My Jobo's are on their last legs
A sad day indeed, I will need to put to rest my Jobo's for good in the coming year. Parts are becoming impossible to get , service is non existant.
My Alt 2300's have given me years of fantastic use and they owe me nothing.
I want to continue with film processing and I still want to use all my Jobo drums , reels that I have thousands of dollars invested in.
I am looking for a geek/master tech head , here on APUG that I can commission to build me a rotary platform that can hook up to all my drums, It must mimic the agitation that an Alt2300 does at two different speeds.
We will hand fill and drain rather than the auto feature of the 2300 design so I am really looking for a base, programable timer and a connection that will hold the various tanks up to expert drums.
In fact I will need up to 4 bases if the budget permits. Right now one working model will do.
Parts must be North American, local to Toronto preferrably, I do not want to be looking for exotic plastic devices.
I have 5 thumbs on each hand and though I know what I want , I cannot make this device if my life depended upon it.
If this is a project someone here is interested in persuing please email me at email@example.com.
I do know about Joboman, I do know about Omega Sattar, I am not trying to fix the 2300 anymore , I want to replace the base and work a bit more manually.
I'm sure we've talked before. I have the ALT2300 and I'm very technical. (Engineer)
Would you like to chat off line and figure out what's wrong and see if we can fix her?
I know it's much much too expensive to ship for repair but we may be able to talk about it (email etc) and figure it out.
Now, if you firm on putting it to rest, please consider giving it to one of us for parts so we can live on.
I'm so sorry to hear this happen. I have 2 Jobos that have been unused since I started the emulsion work, but I too am concerned about longevity. I cannot help you, but I do believe that there will come a point when all of the parts are used up in exchanges. They wear and are one of a kind designed just for the Jobo. Heating elements and gears are big problems. Motors are special order items as well, I understand. And, they tend to burn out due to strain imposed by heavy loads in the drums.
Is this the fate of all automated analog cameras as well? It seems to me, we will see an epidemic of this across the board as the equipment becomes older and older.
Best wishes to you all for some sort of solution to the problem.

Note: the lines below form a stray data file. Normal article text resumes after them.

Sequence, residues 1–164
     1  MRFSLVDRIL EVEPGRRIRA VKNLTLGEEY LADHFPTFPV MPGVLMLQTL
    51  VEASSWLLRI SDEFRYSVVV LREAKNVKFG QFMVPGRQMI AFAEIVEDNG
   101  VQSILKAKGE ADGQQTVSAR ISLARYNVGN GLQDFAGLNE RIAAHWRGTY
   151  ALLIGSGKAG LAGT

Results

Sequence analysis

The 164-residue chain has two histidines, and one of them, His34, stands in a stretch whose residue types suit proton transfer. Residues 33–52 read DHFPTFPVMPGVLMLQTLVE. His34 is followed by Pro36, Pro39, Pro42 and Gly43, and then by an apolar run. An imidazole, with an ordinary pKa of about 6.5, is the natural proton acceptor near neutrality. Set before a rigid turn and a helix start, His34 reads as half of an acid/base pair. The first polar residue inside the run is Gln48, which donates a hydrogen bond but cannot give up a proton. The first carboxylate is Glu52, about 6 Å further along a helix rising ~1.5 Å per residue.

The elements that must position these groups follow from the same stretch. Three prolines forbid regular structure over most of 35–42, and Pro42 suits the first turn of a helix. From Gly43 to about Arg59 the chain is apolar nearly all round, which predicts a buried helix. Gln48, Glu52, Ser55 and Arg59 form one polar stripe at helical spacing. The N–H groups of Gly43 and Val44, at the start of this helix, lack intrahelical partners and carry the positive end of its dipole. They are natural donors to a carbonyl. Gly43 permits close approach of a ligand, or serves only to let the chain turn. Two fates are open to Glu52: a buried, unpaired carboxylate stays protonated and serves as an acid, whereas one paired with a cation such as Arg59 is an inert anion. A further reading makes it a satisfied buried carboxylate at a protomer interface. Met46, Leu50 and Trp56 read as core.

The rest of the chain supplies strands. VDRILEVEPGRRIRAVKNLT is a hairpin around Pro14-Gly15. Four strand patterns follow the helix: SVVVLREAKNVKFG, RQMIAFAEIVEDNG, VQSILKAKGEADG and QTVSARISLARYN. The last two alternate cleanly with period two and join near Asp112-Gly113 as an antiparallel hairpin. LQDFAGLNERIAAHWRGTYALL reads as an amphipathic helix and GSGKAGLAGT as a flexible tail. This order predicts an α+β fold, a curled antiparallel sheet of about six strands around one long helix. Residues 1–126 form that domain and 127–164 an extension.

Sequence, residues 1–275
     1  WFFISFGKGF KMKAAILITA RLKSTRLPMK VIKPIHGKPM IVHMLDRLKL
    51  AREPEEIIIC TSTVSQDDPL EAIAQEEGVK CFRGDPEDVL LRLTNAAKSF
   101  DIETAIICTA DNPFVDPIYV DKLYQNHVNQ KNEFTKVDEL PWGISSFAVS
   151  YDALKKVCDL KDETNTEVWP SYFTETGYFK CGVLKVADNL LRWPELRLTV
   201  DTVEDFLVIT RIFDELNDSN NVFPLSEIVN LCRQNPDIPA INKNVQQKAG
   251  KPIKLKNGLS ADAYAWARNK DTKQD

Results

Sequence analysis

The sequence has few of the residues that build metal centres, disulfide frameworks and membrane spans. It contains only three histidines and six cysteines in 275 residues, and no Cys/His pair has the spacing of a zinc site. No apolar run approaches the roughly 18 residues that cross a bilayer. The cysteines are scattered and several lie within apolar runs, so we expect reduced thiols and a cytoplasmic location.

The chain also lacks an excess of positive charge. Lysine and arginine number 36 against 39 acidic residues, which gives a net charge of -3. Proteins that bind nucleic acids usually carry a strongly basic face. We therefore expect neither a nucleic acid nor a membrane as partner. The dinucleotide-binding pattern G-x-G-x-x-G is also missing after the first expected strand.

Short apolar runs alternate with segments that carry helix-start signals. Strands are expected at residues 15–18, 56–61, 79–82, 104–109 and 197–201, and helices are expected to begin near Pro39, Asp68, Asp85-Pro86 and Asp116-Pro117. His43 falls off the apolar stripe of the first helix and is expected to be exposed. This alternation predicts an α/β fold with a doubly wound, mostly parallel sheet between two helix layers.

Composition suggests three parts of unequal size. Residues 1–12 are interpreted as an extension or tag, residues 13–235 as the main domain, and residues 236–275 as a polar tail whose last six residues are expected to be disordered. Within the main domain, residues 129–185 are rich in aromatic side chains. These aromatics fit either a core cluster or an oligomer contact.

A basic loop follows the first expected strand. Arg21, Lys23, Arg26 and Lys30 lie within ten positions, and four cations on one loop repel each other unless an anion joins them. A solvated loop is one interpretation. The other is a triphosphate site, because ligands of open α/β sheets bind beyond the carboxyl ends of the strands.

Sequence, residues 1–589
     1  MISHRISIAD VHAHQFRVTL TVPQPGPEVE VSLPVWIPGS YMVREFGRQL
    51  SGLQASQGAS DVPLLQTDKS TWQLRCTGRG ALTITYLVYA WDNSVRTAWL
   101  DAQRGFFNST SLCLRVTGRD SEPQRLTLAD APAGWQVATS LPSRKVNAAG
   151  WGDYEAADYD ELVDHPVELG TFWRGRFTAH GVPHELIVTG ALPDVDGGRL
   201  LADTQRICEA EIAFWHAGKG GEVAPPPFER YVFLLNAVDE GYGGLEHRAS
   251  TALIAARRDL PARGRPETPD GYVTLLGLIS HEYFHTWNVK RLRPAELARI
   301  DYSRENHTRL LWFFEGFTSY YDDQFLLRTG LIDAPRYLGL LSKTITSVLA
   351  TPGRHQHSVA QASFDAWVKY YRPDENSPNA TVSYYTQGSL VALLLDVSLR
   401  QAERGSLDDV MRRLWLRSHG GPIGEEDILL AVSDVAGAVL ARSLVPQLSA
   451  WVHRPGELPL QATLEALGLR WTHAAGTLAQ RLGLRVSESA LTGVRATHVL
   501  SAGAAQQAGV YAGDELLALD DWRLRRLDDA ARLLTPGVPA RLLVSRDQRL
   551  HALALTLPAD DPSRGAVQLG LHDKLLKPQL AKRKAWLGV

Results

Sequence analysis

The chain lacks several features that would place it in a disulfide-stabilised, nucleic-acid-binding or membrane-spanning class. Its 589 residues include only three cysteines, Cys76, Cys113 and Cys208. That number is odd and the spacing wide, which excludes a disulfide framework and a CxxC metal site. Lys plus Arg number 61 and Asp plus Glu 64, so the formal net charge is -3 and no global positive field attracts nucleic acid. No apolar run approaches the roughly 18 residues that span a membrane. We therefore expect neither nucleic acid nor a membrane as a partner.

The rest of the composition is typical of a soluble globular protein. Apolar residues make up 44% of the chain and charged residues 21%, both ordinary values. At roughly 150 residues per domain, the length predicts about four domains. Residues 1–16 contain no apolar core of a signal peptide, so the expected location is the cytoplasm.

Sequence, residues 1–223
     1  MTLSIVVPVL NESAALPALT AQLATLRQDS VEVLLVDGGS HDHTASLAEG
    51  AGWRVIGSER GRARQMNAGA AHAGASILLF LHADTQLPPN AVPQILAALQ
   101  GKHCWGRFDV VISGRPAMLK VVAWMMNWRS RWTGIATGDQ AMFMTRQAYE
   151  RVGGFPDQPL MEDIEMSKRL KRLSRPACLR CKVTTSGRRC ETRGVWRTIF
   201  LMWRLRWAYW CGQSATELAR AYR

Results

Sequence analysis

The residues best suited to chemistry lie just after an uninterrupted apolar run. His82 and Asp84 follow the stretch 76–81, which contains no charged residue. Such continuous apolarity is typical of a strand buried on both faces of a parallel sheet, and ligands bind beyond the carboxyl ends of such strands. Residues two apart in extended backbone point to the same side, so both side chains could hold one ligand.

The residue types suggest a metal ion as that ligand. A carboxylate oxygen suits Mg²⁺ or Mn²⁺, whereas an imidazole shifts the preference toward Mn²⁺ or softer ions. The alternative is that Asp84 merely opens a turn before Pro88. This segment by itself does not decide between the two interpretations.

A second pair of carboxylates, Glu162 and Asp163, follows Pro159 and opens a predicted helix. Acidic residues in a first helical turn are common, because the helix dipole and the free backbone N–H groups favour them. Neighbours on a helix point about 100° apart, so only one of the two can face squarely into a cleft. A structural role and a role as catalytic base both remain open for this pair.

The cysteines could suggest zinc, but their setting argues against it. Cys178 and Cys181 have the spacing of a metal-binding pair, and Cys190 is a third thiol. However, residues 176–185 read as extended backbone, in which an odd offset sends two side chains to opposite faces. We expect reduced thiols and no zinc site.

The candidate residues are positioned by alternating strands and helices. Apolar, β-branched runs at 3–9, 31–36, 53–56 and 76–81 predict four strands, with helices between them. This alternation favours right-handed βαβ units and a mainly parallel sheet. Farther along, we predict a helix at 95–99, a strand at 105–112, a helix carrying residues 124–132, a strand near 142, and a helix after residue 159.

I have the alt 2300 the alt 3 plus two or three heads for the alt3 and I am not interested in fixing them as it is a constant threat and PIA to tell my customers to wait for repairs or parts.
When I find a solution I will donate all the gear I do not want to those of you wanting the parts.
Originally Posted by dwdmguy
Well, ok Bob. Then please keep me in mind.....
Bob States "Is this the fate of all automated analog cameras as well?"
No, it will be the newer digi's that go WAY before the analog bodies.
Sponsored Ad. (Subscribers to APUG have the option to remove this ad.)
For film, have you considered going back to deep tank processing with Nitrogen burst agitation? Non-tech but reliable.
This uses a replenished process.
Larger Saran screen baskets will do RA processing at room temp.
This long term lab workflow goal may solve all current problems as automated equipment dies.
True enough, but there may be repair parts for the digistuff. (unfortunately)
Originally Posted by dwdmguy
Guys, have you checked the LFF forum lately?
An Israeli member posted some extraordinary stuff:
Looks like a great solution to me - albeit for CPP/CPA processors, not the ATL...
I have and it may be a solution but I have been spoiled over the years with my Jobo's , not to mention the thousands of dollars in accessories.
I only use Jobo for film.
It is easy for me to say , but making a dedicated roller base that couples with my tanks should not be such a hard project. I just am usless at fixing things.. I am the idea guy rather than the one who actually can work with tools.
Originally Posted by Photo Engineer
Now thats what I am talking about.. thanks for the link, maybe some gearheads near me want to work with me with specific needs I have.
Originally Posted by Denis P.